Had Martinez beaten Pavlik two years ago, it would have made more headlines. But with Pavlik’s frequent health issues, his star had lost a lot of its shine by the time Martinez beat him. The two biggest names in boxing right now are Manny Pacquiao and Floyd Mayweather, but both are from lighter weight divisions. A fight with Pacquiao might be possible at a catch weight, and Pacquiao has had no problem jumping weight classes to fight bigger and bigger fighters. But Martinez might finally be too big, and Pacquiao, who is still attempting to land a megafight with Mayweather, and who was recently elected to the Philippine Congress, is probably not going to be moving up in weight again. He’ll fight a few more times and retire as the best pound-for-pound fighter of his generation.
As I see it, Martinez has a few options, none of which involve Floyd Mayweather, who will never come up in weight to fight a bigger, stronger fighter. A fight with Pacquiao is a possibility, but not anytime soon. Martinez is going to have to wait, and while he’s waiting, he has a couple things he can do.
1) Unify the middleweight title.
I think this option might be the best one for Martinez. Not since Bernard Hopkins has the middleweight belt been unified, and doing it would garner Martinez a lot of publicity. None of the fighters would present much of a challenge to Martinez. Sebastian Sylvester, Dmitry Pirog, and Felix Sturm are all lower-tier fighters. But by the time Martinez is done mopping them up, he’ll have gained a lot more exposure without risking a whole lot in the process. A unified middleweight title belt might be enough to lure Pacquiao into jumping weight classes one more time.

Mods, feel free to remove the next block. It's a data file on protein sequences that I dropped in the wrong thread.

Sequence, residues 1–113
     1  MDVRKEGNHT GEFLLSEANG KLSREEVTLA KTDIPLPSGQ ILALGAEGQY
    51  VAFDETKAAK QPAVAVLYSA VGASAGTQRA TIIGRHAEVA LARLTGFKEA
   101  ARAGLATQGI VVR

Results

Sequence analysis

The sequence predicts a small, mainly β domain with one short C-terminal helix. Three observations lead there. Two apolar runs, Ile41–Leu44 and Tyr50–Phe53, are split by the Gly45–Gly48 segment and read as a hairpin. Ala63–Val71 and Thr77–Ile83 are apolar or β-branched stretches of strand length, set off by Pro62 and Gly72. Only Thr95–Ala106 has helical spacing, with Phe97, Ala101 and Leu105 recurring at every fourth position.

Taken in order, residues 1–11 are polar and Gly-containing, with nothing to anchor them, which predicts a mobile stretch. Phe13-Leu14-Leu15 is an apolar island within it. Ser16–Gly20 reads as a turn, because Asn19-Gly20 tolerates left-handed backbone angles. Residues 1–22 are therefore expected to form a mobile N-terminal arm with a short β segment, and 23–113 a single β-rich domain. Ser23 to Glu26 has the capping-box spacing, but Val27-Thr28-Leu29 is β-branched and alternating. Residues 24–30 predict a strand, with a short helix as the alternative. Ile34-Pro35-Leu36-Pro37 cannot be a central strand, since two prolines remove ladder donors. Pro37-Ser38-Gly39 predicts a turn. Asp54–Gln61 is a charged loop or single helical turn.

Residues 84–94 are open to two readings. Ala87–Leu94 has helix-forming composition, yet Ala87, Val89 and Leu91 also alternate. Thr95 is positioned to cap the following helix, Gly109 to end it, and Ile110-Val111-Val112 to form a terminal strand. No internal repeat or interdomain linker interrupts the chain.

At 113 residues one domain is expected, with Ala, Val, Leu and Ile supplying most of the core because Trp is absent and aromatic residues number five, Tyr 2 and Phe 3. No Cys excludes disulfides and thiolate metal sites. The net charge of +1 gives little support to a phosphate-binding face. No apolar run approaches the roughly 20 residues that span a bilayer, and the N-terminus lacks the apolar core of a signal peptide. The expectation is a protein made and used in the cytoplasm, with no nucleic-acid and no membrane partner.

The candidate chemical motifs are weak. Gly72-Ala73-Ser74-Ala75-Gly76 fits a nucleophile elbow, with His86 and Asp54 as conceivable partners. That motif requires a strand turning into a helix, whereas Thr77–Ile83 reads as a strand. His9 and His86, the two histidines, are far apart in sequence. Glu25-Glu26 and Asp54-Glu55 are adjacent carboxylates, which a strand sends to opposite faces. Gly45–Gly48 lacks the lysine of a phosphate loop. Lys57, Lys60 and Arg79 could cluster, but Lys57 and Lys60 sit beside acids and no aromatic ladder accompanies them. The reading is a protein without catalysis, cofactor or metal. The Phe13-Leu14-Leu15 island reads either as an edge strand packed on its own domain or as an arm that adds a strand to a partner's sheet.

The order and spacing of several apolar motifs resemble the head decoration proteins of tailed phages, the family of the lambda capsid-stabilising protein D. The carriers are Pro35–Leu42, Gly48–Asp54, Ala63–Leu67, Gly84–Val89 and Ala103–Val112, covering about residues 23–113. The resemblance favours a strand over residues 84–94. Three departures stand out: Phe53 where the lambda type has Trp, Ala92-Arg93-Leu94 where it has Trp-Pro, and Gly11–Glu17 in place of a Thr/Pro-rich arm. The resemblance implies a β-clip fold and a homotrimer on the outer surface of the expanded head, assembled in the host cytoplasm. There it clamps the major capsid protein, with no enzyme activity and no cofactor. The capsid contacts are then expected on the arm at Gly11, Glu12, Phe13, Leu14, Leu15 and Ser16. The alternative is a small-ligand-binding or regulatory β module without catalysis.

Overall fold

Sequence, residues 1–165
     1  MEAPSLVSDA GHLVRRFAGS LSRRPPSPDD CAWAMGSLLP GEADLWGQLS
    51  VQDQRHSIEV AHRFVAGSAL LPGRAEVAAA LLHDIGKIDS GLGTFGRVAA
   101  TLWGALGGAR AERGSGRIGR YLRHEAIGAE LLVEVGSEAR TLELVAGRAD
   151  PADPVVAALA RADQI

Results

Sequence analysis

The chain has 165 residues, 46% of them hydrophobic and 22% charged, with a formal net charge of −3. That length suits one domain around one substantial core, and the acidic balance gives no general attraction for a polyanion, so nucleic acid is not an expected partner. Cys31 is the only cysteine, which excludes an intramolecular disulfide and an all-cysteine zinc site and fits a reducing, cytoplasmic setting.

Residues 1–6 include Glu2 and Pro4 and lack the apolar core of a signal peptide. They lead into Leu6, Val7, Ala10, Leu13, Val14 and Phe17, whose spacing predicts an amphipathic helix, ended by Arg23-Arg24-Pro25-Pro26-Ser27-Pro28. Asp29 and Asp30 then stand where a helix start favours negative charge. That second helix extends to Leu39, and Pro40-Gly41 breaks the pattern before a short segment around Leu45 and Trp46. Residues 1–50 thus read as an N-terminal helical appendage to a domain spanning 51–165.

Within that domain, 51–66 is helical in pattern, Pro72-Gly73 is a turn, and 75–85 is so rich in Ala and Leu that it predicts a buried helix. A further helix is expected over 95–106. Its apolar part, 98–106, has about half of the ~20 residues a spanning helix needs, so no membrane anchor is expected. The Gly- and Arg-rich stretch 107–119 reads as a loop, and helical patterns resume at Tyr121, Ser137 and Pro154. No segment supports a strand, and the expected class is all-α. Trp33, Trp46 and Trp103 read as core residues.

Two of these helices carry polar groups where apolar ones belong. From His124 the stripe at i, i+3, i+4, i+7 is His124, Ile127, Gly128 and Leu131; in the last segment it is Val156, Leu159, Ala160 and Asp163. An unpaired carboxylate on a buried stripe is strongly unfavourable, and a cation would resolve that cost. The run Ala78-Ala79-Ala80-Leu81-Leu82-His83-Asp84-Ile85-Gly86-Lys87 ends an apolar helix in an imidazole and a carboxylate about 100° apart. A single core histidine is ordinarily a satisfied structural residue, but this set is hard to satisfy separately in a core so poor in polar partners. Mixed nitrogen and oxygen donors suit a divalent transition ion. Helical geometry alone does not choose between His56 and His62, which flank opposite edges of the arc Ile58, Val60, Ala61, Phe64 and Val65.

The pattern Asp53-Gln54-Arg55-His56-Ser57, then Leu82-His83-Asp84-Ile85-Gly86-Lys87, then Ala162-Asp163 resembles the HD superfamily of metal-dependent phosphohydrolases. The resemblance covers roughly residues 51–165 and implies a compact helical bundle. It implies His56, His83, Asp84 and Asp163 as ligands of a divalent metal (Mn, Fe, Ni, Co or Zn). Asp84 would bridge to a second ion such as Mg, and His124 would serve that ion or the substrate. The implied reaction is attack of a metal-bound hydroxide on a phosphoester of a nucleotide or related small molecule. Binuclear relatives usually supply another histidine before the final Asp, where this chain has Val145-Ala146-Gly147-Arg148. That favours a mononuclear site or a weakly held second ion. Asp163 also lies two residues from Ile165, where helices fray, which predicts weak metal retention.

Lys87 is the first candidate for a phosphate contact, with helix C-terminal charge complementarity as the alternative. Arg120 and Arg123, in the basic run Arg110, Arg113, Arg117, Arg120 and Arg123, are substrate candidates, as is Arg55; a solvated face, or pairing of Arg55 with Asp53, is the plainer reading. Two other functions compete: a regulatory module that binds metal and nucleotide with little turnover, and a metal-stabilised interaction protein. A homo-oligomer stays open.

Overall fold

2) Exact revenge.
One of the things I’ve always respected about Marvin Hagler is that he went back and beat the fighters who had put blemishes on his record. He avenged losses to Willie “The Worm” Monroe and Bobby “Boogaloo” Watts, as well as draws to Vito Antuofermo and Sugar Ray Seales, knocking all four fighters out in later contests. It could even be argued that the Watts and Seales fights weren’t necessary, but Hagler gave them another crack anyway. The only fight he didn’t avenge was the controversial loss to Sugar Ray Leonard, and that’s because Leonard wouldn’t give him a rematch.
Martinez has suffered two losses and two draws, and avenged one of each (a draw in his third career fight, and the loss in the first contest against Paul Williams). He suffered an extremely controversial draw to Kermit Cintron last year (a fight where the ref originally ruled that Martinez won by knockout, then changed his mind), and a knockout loss to Antonio Margarito in 2000. Both Cintron and Margarito are still names, although well past their prime. But Margarito just fought Pacquiao, and Martinez taking the time to go back and beat both fighters would send a message that he serious about leaving a lasting legacy. While neither fight would be that impressive, they would almost certainly generate more interest than a fight against any of the other middleweight title holders.
3) Move up in weight class.